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IO using FileWriter

 
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hi guys I am getting strange and unexpected the data gets written to the file locations.txt with no problem but when I try to write to directions.txt it does not seem to work,I open the textfile and it has no text inside it unlike locations.txt but the very strange thing is I complied it and it did work at some stage but when I recompiled it it did not appear I tried undoing the changes to the program but still nothing appears any reason why this is hapening?

 
Adam Chalkley
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Ok I think I know whats wrong I commented out the some of the locations.put code but that still brings up the question why does locations.txt still have the data in it when I recompile the program yet directions.txt does not
 
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when I recompile the program


Recompiling the program should not cause any changes to other files on your PC.  Files get changed when a program is executed.
 
Adam Chalkley
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thanks Norman I'm not sure what the problem was but it worked out BUT now I am getting an exception I did some troubleshooting and isolated the line of code which is causing the error once I delete this line of code everything works fine but the problem is I need that line of code for my program to work



the line of code that cause the error is on 55 and it's
int destination = Integer.parseInt(dest);

here is the stackTrace,I'm not sure how to fix this exception


Exception in thread "main" java.lang.ExceptionInInitializerError
Caused by: java.lang.NumberFormatException: For input string: " 1"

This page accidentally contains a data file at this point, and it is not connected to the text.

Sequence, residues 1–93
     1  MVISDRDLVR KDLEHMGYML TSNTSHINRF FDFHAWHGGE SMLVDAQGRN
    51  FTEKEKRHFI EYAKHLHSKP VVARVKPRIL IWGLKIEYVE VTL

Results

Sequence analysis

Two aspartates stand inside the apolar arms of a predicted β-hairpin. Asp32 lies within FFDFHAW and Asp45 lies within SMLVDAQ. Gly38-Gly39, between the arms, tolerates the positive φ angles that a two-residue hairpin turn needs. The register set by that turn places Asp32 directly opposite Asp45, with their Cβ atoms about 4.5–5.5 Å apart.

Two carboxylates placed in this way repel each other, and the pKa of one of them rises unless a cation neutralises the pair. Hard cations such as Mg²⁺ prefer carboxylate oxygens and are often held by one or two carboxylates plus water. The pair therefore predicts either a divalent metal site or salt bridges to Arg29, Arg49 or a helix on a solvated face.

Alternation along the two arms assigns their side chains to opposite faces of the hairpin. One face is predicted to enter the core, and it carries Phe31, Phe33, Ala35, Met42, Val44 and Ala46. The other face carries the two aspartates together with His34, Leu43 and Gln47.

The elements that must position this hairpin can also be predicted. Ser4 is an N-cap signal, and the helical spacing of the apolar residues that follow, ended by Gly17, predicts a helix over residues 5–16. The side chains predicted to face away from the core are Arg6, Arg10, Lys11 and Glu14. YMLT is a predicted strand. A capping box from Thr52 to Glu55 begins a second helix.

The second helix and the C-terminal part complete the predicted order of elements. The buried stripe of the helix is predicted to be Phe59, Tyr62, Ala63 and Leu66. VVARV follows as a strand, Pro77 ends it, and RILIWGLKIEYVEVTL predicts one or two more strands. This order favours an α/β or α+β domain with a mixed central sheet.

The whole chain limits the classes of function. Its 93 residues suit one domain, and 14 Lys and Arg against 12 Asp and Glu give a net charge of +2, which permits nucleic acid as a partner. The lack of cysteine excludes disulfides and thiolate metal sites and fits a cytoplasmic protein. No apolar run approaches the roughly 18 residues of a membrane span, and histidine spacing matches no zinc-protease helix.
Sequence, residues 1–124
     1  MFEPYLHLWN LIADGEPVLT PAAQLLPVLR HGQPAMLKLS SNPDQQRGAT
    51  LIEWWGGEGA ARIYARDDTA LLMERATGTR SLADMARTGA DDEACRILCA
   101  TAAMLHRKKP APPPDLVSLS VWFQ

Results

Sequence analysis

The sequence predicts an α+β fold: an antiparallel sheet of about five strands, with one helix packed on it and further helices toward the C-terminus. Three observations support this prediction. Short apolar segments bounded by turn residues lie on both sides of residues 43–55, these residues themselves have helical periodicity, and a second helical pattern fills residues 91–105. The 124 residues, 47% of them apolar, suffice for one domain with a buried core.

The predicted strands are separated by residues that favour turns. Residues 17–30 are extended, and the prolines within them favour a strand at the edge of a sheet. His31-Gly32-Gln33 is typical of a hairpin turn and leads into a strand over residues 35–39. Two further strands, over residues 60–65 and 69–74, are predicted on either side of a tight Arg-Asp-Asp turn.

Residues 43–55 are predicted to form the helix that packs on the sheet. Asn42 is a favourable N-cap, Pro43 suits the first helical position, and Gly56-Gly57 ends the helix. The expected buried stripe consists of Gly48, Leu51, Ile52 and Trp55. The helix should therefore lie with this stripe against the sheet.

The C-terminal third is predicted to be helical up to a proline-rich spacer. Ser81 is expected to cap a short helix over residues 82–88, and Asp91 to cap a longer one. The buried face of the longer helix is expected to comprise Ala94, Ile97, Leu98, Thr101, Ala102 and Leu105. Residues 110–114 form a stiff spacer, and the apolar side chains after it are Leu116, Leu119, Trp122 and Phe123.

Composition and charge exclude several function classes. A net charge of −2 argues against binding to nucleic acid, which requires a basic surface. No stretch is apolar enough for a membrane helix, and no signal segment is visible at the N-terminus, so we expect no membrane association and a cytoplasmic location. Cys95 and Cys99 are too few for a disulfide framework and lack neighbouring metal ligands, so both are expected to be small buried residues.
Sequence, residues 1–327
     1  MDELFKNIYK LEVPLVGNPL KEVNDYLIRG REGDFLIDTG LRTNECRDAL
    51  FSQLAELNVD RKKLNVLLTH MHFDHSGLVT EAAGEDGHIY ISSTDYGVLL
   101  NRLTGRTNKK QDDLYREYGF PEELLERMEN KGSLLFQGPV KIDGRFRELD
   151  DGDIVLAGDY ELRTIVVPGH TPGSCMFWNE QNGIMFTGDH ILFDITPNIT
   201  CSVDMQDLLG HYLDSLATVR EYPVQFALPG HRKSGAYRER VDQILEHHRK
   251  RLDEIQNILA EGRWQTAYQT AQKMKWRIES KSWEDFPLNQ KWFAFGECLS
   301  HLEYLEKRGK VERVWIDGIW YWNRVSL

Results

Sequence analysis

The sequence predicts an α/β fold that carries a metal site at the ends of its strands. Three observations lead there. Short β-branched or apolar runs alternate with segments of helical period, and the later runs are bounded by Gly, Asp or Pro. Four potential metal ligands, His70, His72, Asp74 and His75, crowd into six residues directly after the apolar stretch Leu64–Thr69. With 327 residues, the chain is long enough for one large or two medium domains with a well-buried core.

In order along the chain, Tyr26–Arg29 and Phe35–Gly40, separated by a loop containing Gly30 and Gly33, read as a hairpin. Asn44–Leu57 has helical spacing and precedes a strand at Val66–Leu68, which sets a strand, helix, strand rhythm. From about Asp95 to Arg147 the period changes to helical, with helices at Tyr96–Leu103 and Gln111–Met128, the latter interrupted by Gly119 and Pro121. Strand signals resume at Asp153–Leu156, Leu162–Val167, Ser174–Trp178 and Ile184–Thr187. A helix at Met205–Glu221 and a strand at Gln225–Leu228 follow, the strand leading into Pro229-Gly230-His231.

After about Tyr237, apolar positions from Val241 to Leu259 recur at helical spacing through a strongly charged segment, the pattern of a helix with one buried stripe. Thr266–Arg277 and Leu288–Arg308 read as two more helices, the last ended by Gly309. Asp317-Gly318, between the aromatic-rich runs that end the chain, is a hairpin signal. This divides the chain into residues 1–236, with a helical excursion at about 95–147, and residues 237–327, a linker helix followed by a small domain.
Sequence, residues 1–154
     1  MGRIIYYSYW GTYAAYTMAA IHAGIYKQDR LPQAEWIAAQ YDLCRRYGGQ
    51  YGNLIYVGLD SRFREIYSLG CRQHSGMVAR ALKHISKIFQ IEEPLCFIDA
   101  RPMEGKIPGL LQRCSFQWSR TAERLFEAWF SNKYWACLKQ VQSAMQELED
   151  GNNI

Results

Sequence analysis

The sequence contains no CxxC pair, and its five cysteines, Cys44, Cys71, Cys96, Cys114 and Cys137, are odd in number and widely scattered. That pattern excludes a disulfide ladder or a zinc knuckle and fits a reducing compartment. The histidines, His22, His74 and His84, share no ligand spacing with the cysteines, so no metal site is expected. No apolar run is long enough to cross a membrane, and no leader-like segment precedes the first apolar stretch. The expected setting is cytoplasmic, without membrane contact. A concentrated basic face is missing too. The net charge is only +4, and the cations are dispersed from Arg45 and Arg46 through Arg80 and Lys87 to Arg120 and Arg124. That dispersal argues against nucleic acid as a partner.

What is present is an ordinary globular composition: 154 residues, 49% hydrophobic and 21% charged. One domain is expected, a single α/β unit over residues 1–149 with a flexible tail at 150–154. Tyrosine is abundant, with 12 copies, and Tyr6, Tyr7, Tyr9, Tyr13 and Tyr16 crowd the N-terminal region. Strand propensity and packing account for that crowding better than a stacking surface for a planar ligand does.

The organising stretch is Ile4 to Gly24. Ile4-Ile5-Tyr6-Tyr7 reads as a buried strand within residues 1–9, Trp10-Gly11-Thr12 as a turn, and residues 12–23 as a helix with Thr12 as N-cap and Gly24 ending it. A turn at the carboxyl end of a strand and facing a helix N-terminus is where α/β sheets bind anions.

at java.lang.NumberFormatException.forInputString(Unknown Source)
at java.lang.Integer.parseInt(Unknown Source)
at java.lang.Integer.parseInt(Unknown Source)
at Locations.<clinit>(Locations.java:55)
 
Adam Chalkley
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ok guys I found the solution when I was written to my output I included a space so when I tried to convert 1 to an interger 1 had a space before it and that space was included so the next logical question how do you prevent something like that happening apart from making sure there is no spaces?
 
Adam Chalkley
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without using the trim() method
 
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There are several ways of handling this sort of thing but trim() is by far the easiest. Is there a particular reason you don't want to use trim()?
 
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Whether you use scan.nextInt() or Integer.parseInt(dest) you will need to surround the code in its own try/catch block because you cannot be sure that the file will always have a valid integer.

Other notes:

* Do you need to use scan.skip(scan.delimiter());?  I thought Scanner skips the delimiter automatically.
* Have you tried a try-with-resources block?  You don't need a finally block if you do.
 
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It is possible to avoid the exceptions with
if (myScanner.hasNextInt()) ...
but that can make for really awkward code. When reading from a text file it is necessary to know its format, so your nextInt() calls actually find text representing an int.
 
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